Portland--Over the next weeks and months, the City of Portland will once again endure a cycle of gratuitous division and bitter debate as the renaming-Interstate debacle metastasizes along three new axes: Sandy, Grand and 39th.
The Committee that Claims to Own the Chavez-Honoring Franchise in Portland has switched its choice of weaponry from last years’ clubbing and bullying to this year’s shotgun approach, firing blindly down three different streets, hoping to hit something out there on the east side of town.
It remains to be seen whether the bullying and stubbornness that characterized last year’s Assault on Interstate will continue, but so far there is no sign that any lessons have been learned by the Committee and its still-anonymous members.
The absurdly poor timing of the Committee’s filing, just a couple of months before the November election, indicates that they remain oblivious to the real-life issues confronting Cesar Chavez’ people in Oregon.
Like last year, there will be a surge of public expressions of anger, resentment and overt bigotry targeted specifically against people of Mexican ancestry.
This will put many Oregonians in a fine mood to support Bill Sizemore’s anti-ESL initiative, which targets the children of Oregon’s largely Mexican agricultural work force, seeks to deny them educational opportunity and to deter others like them from bringing their children to our state.
And we as a City are about to chew over “honoring” Cesar Chavez in the only way that the mysterious Committee-Formerly-Bent-on-Renaming-Interstate-Avenue can accept: a stretch of asphalt and street signs, any direction will do.
Each of these three selections is certain to generate a lot of heat, and heat always costs money. Public heat costs public money.
The City has budgeted money for a consultant and a public process is underway.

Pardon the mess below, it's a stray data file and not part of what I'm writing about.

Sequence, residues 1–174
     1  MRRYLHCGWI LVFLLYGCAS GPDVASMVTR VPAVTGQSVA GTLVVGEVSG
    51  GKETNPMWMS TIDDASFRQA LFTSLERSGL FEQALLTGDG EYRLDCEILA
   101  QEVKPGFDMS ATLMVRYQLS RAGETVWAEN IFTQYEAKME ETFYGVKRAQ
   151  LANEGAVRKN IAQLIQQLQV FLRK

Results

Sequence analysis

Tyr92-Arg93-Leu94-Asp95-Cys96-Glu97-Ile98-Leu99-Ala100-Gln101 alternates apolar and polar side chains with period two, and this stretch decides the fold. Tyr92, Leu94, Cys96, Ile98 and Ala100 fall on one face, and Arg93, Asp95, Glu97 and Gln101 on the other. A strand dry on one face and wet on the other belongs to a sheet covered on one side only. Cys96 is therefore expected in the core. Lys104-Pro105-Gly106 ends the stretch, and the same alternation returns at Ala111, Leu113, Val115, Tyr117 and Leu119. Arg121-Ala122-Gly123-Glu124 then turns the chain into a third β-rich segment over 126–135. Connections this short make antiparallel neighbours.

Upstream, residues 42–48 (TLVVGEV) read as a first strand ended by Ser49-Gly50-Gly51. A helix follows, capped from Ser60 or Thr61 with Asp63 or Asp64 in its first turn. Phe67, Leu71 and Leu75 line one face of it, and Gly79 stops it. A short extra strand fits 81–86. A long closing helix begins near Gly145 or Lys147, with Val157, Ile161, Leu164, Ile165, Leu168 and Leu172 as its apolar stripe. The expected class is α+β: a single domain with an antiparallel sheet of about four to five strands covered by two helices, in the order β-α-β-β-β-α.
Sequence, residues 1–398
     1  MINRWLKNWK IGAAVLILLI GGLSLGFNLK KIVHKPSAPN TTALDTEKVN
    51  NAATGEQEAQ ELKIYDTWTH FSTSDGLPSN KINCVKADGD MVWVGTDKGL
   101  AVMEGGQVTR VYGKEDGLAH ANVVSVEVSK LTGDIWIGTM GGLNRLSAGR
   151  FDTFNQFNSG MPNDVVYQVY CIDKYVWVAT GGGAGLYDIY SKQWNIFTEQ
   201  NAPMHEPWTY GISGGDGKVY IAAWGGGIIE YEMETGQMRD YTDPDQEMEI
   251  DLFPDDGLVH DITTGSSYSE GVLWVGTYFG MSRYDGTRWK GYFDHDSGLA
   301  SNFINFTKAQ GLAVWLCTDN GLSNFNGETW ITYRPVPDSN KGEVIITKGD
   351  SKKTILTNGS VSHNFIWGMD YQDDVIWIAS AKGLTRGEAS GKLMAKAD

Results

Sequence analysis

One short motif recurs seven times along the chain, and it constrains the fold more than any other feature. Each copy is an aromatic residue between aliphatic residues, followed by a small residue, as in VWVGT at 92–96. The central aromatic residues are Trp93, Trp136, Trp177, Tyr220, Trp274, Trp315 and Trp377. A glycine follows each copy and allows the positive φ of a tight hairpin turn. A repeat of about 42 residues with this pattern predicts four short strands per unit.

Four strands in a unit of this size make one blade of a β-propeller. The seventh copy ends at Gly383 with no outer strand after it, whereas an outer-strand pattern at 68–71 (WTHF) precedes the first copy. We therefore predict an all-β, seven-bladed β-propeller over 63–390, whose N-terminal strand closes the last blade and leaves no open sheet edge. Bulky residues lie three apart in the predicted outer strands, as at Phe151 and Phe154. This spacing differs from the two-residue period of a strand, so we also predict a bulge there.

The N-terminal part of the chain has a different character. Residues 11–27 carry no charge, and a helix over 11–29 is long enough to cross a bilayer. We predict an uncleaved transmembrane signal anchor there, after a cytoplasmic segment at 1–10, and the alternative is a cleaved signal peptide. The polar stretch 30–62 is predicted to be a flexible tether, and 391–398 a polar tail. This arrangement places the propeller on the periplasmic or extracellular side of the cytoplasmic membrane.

A Public Service Moment:
As a public service, and in the interest of saving the City money, I am providing herein some essential resource information that any entity considering ways to honor Cesar Chavez should consider—a list of the ways he has been honored throughout the nation.
That consultant will probably want to charge you five or six thousand dollars for this information (in a nice tidy binder), but you can have it here for free:
1. Library of Congress (America’s Library), Washington, D.C.:
Born: March 31, 1927
Died: April 23, 1993
“Cesar Chavez was a Mexican American labor activist and leader of the United Farm Workers. During the 20th century he was a leading voice for migrant farm workers (people who move from place to place in order to find work). His tireless leadership focused national attention on these laborers' terrible working conditions, which eventually led to improvements.“
2. Wikipedia: See List of places named after Cesar Chavez:
A. Communities named after Cesar Chavez:
César Chávez (unincorporated area in Hidalgo County)
B. Parks named after Cesar Chavez:
César Chávez Square (Phoenix)
César Chávez Park (Laveen)
Plaza de César Chávez (San Jose)
Cesar E. Chavez Plaza (Sacramento)
César E. Chávez Waterfront Park (San Diego)
César E. Chávez Park (Delano)
César Chávez Park (Berkeley)
César E. Chávez Park (Modesto, California)
César E. Chávez Elementary School (Norwalk, California)
UCLA César E. Chávez Department of Chicana & Chicano Studies, (Los Angeles, California)
C. Major streets named after Cesar Chavez:
César Chávez Street (San Luis) (formerly 1st Street)
Cesar Chavez Avenue (Somerton) (formerly Avenue F)
César E. Chávez Avenue (Los Angeles) (formerly Brooklyn Avenue, Macy Street and part of Sunset Boulevard)
César Chávez Street (San Francisco) (formerly Army Street)
Calle César Chávez (Santa Barbara) (formerly South Salsipuedes Street)
César E. Chávez Parkway (San Diego) (formerly Crosby Street)
César Chávez Drive (Oxnard) (newer street planned to commemorate César Chávez)
Avenida César Chávez (Albuquerque) (formerly Stadium Avenue)
César Chávez Drive (Flint) (I-475 Service Drive through Downtown)
César E. Chávez Avenue (Pontiac) (M-24 Business)